Balancing his role superbly as a renowned author and mathematician, Lewis Carroll was a genius per se. Explore this article to know more about the life of Charles Lutwidge Dodgson.

Lewis Carroll Biography

Born On: January 27, 1832
Lewis Carroll
Born In: Daresbury, Cheshire, England
Died On: January 14, 1898
Career: Author, Mathematician, Anglican clergyman, Photographer
Nationality: British
Charles Lutwidge Dodgson, known to the world as Lewis Carroll, was not just an author and poet, but an exceptionally talented photographer and a mathematician and logician. Amidst his assorted talents, he remains etched in our memory primarily because of his creation of an unforgettable character in the history of children’s literature named Alice. His books “Alice’s Adventures in Wonderland” and its sequel “Through the Looking Glass” have continued to mesmerize readers of all class till date. His extreme creative bent of mind, coupled with an artistic play of words and fantasy, has formed a delightful concoction and raised Carroll to a high pedestal in the world of literature.  
Early Years
Lewis Carroll was the third of a total of eleven children born to Reverend Charles Dodgson and his wife Frances Jane Lutwidge. He had seven sisters and three brothers. Carroll’s father was an active and highly orthodox clergyman of the Anglican Church, who was influentially involved in heated religious disputes, which were dividing the Anglican Church as a whole. He was an admirer of the Newman and the Tractarian movement and went on to inculcate the same views in his children. Carroll, however, developed an ambiguous relationship with his father’s values and eventually with the Anglican Church.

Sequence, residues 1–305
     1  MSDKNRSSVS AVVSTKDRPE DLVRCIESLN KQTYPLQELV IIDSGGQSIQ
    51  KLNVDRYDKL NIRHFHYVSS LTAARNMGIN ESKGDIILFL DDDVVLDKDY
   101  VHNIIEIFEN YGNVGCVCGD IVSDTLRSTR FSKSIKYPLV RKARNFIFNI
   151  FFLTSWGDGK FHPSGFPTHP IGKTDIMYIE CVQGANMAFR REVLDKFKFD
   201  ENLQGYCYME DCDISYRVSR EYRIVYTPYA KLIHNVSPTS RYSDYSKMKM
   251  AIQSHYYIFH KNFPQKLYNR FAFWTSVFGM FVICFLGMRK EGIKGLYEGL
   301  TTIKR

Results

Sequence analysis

When Carroll was eleven years old, his father was given the living of Croft-on-Tees in North Yorkshire and the entire family moved to the spacious Rectory, wherein they resided for the next twenty-five years of their life. Since it was a remote countryside, the children had to discover their own source of entertainment. Carroll was extremely creative in the art of creating games and entertaining his family. He began writing a personal periodical at the age of 12, called the “Rectory magazine”, which was meant for the children’s education as well as enjoyment.
Lewis Carroll was educated at home until he was twelve years old. Then, he was sent to a private school near his home in Richmond shire. After a year, in 1846, he moved to Rugby school, where he excelled academically throughout, especially in mathematics. Literature always found a special place in his heart and young Carroll took keen interest in authors like William Shakespeare, John Ruskin, Charles Dickens and Lord Alfred Tennyson. Carroll was never a hard working child but attained success due to his exceptionally sharp intellect.
Carroll left school in the year 1849 and after a gap of two years he got enrolled into Christ Church, Oxford, in 1851. His mother’s sudden death due to stroke, however, made him return immediately. Later, Lewis’s pursuit of education was challenged from time to time, which not only affected his consistency, but his physical and mental strength as well. However, being exceptionally talented, he never succumbed to any of these circumstantial obstacles. In 1852, he was awarded a first Honor Moderations and soon after, he was nominated to a studentship. Honored with a first class in mathematics and second in classics, he graduated in the year in 1854 and received his post-graduation degree in 1857. He also won the Mathematical Lectureship at Oxford in 1856, where he worked till 1881.
His Works